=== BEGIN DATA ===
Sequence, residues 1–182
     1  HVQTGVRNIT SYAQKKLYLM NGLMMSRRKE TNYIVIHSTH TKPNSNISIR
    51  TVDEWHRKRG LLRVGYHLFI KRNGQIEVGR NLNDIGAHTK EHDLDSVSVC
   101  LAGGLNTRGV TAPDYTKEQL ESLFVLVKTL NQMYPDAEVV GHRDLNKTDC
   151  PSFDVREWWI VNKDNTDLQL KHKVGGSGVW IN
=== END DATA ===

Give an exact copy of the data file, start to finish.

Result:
Sequence, residues 1–182
     1  HVQTGVRNIT SYAQKKLYLM NGLMMSRRKE TNYIVIHSTH TKPNSNISIR
    51  TVDEWHRKRG LLRVGYHLFI KRNGQIEVGR NLNDIGAHTK EHDLDSVSVC
   101  LAGGLNTRGV TAPDYTKEQL ESLFVLVKTL NQMYPDAEVV GHRDLNKTDC
   151  PSFDVREWWI VNKDNTDLQL KHKVGGSGVW IN